American Law Firms File Claim Against The FAA And Seek Discovery On Behalf Of Family Of Aeroflot Plane Crash

CHICAGO – American law firms, Nolan Law Group and Ribbeck Law Chartered, today filed a Petition for Discovery in the state court in Chicago arising from the Boeing 737 crash of Aeroflot-Nord Airlines in Perm, Russia on September 14, 2008. The petition was filed on behalf of Aleksey A. Afanasenkov, Sr., whose son perished in the crash, and seeks documentation and information concerning the individuals or companies that may be responsible for causing the crash.

Additionally, the law firms asserted a formal claim on behalf of Mr. Afanasenkov against the United States Federal Aviation Administration for its failure to properly regulate U.S. training institutions which provided training to the crew of the accident airplane. The US-Russian treaty entitled “Agreement Between the Government of the United States of America and the Government of the Russian Federation for the Promotion of Aviation Safety” entered into force on September 2, 1998. Under the treaty, the U.S. government agreed that the FAA would monitor, among other things, aviation training establishments in the United States providing training to Russian pilots in accordance with the standards, rules, practices, general procedures and Implementation Procedures established pursuant to the treaty.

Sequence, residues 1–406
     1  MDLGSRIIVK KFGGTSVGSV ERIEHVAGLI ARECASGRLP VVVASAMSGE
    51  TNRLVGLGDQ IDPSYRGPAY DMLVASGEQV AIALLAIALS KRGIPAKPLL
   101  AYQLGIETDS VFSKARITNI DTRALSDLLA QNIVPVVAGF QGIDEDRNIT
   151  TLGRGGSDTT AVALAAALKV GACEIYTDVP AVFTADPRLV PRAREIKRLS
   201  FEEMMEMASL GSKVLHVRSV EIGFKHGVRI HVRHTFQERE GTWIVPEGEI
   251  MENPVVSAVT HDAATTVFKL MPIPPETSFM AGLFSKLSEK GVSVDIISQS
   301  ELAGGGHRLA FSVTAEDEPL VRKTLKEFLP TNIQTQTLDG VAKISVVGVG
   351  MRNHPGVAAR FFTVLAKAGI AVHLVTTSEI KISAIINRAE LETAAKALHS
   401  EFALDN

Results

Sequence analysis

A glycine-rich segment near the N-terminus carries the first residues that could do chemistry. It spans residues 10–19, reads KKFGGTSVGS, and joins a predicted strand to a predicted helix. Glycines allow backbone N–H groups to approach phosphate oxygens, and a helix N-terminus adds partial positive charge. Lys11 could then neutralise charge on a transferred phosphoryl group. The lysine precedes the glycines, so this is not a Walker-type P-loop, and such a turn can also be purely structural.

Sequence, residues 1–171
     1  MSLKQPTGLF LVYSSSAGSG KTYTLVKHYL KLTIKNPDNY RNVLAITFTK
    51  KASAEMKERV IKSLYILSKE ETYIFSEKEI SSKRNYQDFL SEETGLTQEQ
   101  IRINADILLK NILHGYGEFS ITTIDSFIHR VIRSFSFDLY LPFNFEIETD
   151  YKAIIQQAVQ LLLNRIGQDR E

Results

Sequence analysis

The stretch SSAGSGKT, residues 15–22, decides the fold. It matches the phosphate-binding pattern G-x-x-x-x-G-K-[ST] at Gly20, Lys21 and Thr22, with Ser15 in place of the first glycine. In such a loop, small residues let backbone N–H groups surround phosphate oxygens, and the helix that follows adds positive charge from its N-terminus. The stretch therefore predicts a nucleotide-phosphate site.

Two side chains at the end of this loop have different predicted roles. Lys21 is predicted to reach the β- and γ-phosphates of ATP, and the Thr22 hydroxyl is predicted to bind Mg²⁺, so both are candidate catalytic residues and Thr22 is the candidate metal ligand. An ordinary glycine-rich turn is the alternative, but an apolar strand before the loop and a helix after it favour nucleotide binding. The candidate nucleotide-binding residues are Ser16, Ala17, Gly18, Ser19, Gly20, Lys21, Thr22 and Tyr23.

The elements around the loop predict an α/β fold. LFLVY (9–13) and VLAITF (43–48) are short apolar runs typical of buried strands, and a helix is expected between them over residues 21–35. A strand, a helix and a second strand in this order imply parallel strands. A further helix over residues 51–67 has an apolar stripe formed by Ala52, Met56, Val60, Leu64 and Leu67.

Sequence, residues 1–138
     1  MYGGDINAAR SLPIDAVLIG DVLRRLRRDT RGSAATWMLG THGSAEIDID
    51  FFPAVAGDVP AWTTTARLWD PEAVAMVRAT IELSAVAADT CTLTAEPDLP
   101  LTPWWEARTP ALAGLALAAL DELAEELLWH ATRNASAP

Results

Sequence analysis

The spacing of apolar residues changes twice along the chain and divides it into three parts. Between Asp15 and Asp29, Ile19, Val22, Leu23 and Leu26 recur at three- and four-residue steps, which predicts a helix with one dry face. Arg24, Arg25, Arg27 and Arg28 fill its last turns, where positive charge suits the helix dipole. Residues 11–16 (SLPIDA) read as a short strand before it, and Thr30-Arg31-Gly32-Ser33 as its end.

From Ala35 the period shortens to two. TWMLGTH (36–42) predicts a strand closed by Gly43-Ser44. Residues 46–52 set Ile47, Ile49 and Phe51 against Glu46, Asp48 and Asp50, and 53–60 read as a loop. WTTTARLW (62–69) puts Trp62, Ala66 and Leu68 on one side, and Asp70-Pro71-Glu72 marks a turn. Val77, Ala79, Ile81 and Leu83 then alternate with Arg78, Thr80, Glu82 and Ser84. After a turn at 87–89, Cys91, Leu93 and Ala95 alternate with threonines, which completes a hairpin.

While the investigation of the crash is ongoing and no probable cause determinations have yet been made, the circumstances of the crash have highlighted the dangerous shortcomings in the training of pilots accustomed to Eastern-built aircraft transitioning into operation of Western-built airliners. It futher highlights the need for proper oversight in the FAA airworthiness certification process of transport category airplanes.

It was previously reported by the airline, Aeroflot-Nord, that the captain of the accident airplane received training in the 737-500 at a U.S. based training institution in 2006, and had 452 hours as pilot-in-command of this model airplane. The first officer began flying the 737-500 airplane earlier this year and had only 219 total hours in the model airplane. Both pilots had spent the majority of their careers operating Russian-built aircraft which have some significant technical differences in cockpit instrumentation from Western-built aircraft such as the Boeing 737.

For further information on this news item please contact Thomas J. Ellis, Director of Litigation Support, Nolan Law Group, 20 North Clark Street, 30th Floor, Chicago, Illinois 60602. Office: (312) 630-4000; Mobile (312) 493-3349 or e-mail: tje@nolan-law.com